Once you’ve beaten the challenges and got better at the jumps, spins and grinds, you’re not left with much else to do. Most sports games have some sort of career, where you can build a team or follow an individual through a story or tour. This game doesn’t have that. Your avatar is as good as he was the moment you booted up, so there’s no progression there. Your skill has improved, but there’s nowhere to go with it. You can’t race your friends, because it’s not really a racing game. You just do some jumps then put down the controller and turn it off… which is if it hasn’t made you rage and turn it off before that.
There are a few basic issues to frustrate players.
One is lazy level design. I don’t want to be too harsh, because a lot of effort was put into crafting the levels, but I’m not sure how much was put into testing them. In order to jump you have to have held down one or both of the triggers for a few seconds as you lead up to the ramp. At several points there are little bumps just before the ramp, resetting your charge and sending you over the edge without any trick whatsoever, floating down the hill looking stupid and getting no points. Then there are the times where you fly perfectly off a jump, get a really great spin happening, and them slam into the trunk of a tree they’ve put smack in the middle of the track. It’s maddening.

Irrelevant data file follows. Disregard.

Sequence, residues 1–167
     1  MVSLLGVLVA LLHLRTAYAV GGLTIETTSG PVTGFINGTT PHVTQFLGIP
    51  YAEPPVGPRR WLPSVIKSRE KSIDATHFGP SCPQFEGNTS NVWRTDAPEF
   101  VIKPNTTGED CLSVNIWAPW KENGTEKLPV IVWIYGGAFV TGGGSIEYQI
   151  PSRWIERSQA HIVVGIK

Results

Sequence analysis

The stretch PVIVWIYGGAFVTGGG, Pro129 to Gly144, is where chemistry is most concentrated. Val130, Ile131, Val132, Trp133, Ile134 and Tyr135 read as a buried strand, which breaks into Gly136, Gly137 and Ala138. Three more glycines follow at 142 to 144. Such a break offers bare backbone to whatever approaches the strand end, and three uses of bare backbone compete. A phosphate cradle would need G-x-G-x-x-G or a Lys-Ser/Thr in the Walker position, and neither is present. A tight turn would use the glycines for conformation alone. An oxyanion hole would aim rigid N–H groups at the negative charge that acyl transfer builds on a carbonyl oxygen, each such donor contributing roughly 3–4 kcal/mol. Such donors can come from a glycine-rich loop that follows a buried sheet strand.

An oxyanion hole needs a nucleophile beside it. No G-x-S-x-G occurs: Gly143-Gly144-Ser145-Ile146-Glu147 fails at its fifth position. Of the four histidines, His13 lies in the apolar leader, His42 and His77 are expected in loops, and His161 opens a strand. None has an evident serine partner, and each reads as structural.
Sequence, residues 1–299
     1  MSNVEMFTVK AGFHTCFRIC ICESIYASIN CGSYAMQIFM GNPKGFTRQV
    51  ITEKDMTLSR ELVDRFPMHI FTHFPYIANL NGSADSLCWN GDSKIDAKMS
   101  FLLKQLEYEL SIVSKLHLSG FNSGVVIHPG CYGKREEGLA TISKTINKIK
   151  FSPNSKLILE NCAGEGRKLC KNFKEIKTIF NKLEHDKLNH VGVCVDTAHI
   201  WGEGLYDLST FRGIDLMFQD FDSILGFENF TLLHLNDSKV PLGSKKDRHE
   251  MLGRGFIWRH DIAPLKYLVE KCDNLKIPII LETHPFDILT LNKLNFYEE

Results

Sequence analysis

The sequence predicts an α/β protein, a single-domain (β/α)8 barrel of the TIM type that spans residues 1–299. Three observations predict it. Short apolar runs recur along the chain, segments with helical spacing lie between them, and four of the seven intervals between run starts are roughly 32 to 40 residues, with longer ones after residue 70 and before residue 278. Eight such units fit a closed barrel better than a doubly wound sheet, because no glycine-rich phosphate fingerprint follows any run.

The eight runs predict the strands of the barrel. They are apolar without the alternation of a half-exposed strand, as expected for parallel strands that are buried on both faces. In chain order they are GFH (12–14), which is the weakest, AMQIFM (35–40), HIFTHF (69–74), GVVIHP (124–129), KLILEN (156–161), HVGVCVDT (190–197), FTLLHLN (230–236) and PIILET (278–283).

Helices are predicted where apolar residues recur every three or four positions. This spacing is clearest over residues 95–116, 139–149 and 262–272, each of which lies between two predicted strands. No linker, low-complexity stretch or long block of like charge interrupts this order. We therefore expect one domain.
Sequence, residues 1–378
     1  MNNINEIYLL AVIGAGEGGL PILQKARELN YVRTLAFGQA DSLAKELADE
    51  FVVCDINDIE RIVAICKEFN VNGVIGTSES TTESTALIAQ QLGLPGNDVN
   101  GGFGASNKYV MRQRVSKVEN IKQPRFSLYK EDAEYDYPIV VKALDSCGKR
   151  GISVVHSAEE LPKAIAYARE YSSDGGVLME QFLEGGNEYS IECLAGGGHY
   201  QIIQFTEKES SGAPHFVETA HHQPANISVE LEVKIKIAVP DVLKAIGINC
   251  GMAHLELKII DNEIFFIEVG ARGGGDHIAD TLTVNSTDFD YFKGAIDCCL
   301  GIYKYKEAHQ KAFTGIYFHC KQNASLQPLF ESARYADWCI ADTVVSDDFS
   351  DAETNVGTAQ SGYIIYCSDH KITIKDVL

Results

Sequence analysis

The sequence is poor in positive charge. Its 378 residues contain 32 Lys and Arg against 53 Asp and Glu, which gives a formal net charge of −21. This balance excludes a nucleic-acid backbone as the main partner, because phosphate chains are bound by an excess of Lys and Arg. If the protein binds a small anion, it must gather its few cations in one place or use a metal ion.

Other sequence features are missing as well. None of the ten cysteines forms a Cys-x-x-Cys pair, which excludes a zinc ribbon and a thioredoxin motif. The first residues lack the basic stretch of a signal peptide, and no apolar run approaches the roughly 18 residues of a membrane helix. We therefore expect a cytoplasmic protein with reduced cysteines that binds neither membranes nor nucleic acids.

But not as maddening as Infinite Air’s biggest issue. Perhaps the reason I’ve been in a slightly harsher mood than most games I’ve reviewed.
No I don’t mean when you fail a landing and sprawl across the snow, I mean when the game decides it’s had enough and you hit the blue screen of misery.
Bare in mind, I played on the ps4 and I haven’t seen any indication of this happening on other platforms, but still. The main culprit was when I was holding R2 when landing on a rail. Considering holding R2 earns you more points by having your guy hold the board, and considering landing on rails earns you more points, this is a strange issue to have gone past all their beta testers and to have survived the first patch. But it happened over and over and over and over. Sometimes the game just crashed going down a normal slope. I have never played such an unstable game. In the worst session I experienced about half a dozen crashes, which is completely unacceptable. If I wanted to look at my home screen I would have bloody well not loaded up the game.
Not only are these crashes annoying, but also they break your rhythm and can nuke a good run just before you finish. And even so I’ve probably only deducted a couple of points from the score due to them.
So with limited depth, an unnecessary learning curve, no progression and horrendous stability issues, it’s even more frustrating that at its heart Infinite Air is actually quite fun. Screaming down a mountainside, landing a massive quadruple backflip, even slamming head-first into a rock, the core of the game is a hoot. But with little to keep you coming back, and far too much to make you leave, Infinite air will most likely vacate my hard drive for something a little bit better soon.